• Challenge culture: Question and confront established beliefs where beneficial. For instance, reinterpreting nostalgia to combat feelings of disconnection, as seen in modern reinterpretations of classic themes such as by movies including Barbie. This principle encourages rethinking cultural norms to instill positive change.
  • Create culture: Engage directly with communities to cultivate culture from the root up. This approach underscores genuine cultural connection, aiming to build and sustain cultural movements. By embracing such principles, brands can develop a framework for delivering culturally resonant messages across Asia, bridging the gap between marketers and the diverse range of human experiences.

The role of creativity in driving brand growth and business value

Speaker: Joanna Flint, Chief commercial officer, Mandarin Oriental

Flint shares:

I believe we are all creators. Creativity isn't just confined to those working in advertising agencies; it's a trait that exists in every single one of us. The real question, and the heart of today's discussion, is how we can tap into that creativity. How can we foster an environment that not only recognises but also nurtures our individual creative abilities, allowing us to thrive and unleash our own unique versions of creativity?

Culture is inherently messy, and navigating through it, along with other significant challenges, requires agility above all. The notion that our roles are predictable and that tasks can be set in stone is simply not realistic. This realisation brings us to the uncomfortable truth that the bedrock of navigating this messiness is creativity. How do we foster this? One approach I've found particularly useful is to begin by setting the scene in a way that offers some degree of certainty. This, paradoxically, creates the freedom necessary for growth. It's a balance I've worked to maintain, recognising that providing some structure can actually free us to be more creative and agile in our problem-solving.


Navigating cultural shifts and trends in marketing 

Speaker: 
Rica Facundo, APAC editor, WARC

Facundo outlines three converging trends that demand audiences' attention:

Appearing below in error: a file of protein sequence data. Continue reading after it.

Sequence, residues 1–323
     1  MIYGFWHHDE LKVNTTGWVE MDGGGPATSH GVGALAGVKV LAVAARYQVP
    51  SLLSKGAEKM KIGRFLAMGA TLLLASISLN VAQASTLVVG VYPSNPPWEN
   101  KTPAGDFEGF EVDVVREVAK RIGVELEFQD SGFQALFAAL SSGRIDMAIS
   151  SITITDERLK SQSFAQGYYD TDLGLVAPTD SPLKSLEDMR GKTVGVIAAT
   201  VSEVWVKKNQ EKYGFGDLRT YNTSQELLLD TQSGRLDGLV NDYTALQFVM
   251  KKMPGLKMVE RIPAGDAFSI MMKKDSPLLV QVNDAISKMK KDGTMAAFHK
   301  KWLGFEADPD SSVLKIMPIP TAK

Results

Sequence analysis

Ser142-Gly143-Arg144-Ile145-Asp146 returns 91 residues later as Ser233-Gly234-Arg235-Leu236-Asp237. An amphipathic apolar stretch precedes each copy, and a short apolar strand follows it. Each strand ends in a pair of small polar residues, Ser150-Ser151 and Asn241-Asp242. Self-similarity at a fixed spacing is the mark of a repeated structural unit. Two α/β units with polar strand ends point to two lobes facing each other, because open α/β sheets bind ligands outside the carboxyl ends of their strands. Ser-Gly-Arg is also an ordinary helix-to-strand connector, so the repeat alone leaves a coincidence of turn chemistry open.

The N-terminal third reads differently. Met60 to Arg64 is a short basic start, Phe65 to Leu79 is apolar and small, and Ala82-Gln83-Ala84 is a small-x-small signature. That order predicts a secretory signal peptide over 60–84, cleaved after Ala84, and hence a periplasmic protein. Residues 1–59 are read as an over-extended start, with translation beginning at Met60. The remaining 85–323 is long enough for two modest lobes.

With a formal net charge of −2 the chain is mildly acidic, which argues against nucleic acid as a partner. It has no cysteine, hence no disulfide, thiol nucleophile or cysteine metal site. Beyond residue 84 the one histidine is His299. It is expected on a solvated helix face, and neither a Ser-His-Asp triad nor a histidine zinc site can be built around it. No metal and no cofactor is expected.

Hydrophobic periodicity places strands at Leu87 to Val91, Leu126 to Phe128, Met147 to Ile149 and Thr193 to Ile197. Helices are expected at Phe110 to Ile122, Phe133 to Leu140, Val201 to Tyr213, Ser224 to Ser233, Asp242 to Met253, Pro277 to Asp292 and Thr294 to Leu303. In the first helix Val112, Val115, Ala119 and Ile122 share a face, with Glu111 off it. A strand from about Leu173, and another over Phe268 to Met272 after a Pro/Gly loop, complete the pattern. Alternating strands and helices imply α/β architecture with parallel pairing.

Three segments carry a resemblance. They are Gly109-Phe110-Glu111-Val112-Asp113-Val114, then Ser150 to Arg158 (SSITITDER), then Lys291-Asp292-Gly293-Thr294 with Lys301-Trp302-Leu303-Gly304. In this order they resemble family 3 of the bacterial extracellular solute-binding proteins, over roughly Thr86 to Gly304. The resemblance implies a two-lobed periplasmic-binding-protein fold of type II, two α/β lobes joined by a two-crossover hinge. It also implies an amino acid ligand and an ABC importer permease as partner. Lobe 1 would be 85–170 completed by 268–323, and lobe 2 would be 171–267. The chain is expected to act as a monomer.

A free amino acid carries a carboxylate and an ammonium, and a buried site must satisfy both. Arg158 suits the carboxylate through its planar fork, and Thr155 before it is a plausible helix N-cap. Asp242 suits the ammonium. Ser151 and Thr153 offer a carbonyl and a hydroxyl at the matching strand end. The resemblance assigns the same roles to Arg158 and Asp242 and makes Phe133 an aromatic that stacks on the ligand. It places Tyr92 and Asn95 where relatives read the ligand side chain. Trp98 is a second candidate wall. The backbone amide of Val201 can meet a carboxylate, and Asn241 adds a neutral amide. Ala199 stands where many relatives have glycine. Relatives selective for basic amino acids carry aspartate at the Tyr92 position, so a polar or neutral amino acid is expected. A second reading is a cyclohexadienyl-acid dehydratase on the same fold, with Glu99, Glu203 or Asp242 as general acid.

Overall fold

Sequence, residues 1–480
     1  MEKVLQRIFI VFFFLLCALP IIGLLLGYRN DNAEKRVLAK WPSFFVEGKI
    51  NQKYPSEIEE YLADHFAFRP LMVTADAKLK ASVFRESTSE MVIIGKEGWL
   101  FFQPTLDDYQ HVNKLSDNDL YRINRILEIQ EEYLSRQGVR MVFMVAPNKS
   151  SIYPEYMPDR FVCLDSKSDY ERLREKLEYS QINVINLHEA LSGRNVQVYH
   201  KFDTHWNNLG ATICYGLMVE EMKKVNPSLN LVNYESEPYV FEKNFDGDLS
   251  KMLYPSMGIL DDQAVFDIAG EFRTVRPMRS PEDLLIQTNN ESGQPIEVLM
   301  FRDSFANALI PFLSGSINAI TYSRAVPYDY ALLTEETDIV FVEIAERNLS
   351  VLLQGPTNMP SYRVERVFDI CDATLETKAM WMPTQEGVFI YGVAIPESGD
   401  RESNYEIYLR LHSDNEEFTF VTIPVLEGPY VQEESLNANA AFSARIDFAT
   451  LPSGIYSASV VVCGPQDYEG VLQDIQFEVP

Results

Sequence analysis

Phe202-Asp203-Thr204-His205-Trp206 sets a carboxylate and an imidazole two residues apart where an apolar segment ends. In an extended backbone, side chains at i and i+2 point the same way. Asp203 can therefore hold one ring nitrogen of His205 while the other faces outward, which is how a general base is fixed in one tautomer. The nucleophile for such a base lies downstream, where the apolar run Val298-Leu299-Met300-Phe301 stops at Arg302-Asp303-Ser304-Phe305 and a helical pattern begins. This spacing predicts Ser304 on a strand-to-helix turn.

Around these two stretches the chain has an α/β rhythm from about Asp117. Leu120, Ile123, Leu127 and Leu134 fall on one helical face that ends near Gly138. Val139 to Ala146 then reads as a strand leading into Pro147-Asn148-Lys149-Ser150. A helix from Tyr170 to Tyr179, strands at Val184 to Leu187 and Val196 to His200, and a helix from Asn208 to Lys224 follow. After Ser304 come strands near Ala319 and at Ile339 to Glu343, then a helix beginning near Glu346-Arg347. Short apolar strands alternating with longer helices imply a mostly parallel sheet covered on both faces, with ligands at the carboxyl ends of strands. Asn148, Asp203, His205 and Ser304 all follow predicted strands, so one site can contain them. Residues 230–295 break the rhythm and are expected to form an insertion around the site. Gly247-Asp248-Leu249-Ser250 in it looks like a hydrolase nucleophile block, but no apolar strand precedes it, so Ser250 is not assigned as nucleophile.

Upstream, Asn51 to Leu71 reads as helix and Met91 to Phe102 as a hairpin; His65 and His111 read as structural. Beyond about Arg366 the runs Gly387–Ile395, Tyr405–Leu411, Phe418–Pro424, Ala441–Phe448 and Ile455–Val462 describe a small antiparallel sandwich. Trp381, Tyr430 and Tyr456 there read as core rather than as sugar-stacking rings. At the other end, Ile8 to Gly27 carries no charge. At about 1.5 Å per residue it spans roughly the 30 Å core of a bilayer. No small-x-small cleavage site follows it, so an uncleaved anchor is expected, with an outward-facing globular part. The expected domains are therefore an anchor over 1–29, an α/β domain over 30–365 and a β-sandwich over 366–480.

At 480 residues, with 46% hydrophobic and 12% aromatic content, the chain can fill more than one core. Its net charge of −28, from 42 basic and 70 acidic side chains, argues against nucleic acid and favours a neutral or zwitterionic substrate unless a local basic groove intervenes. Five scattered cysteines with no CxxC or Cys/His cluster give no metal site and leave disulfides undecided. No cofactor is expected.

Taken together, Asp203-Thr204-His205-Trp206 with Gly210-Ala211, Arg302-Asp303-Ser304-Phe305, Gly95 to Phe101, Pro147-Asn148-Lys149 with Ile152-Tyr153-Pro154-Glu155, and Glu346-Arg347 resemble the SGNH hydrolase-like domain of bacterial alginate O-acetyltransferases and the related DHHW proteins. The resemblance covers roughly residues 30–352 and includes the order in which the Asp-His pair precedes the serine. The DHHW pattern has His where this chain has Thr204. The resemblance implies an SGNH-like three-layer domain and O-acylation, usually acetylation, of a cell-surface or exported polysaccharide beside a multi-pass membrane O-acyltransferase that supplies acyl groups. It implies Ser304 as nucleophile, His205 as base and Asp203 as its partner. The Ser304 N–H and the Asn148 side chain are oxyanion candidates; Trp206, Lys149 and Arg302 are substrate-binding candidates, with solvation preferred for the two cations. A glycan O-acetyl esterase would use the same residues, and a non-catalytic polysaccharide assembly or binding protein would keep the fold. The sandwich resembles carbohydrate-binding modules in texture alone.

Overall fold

• The stalling of Western-led globalisation: The once-dominant Western-led globalisation is encountering headwinds. A new paradigm emerges in the ‘global’ game as its momentum wanes. Marketers must navigate this delicate balance between global and local influences. Brands that master this fusion can resonate with diverse audiences while maintaining authenticity.
  • Society’s polarisation across markets: Societies worldwide are increasingly polarised. This fragmentation poses challenges for marketers seeking to connect with disparate segments. Understanding the nuances of these divisions is essential. Brands that bridge gaps, foster dialogue, and address societal fault lines can wield influence and drive positive change.
  • From monoculture to niche: The era of the monoculture is fading. Niche communities, fueled by the internet, now wield significant cultural influence. Brands that recognise and celebrate these niches can create meaningful connections. Creativity becomes the bridge, allowing brands to impact culture and drive business success.
  • Showcasing best practices and case studies: Our guide features real-world examples of how brands leverage creativity to address these shifts. From redefining narratives to amplifying underrepresented voices, these case studies demonstrate the power of cultural responsiveness. It’s not just about understanding culture; it’s about making a tangible impact on culture and the bottom line.

From interrupting what people are interested in to becoming what people are interested in

Speaker: 
Ada Lazaro, Regional marketing director, McDonald's, Asia business unit

In a world driven by supercharged algorithms and rapid cultural shifts, brands have a unique opportunity to create emotional connections. Key highlights from Lazaro's session:

The distinct and emotional role that we can and should play as a brand becomes our cultural advantage. There's no interrupting in an era of supercharged algorithms and fast-moving cultural trends. What consumers are interested in is for us to create moments where they find a ‘little bubble of happiness’.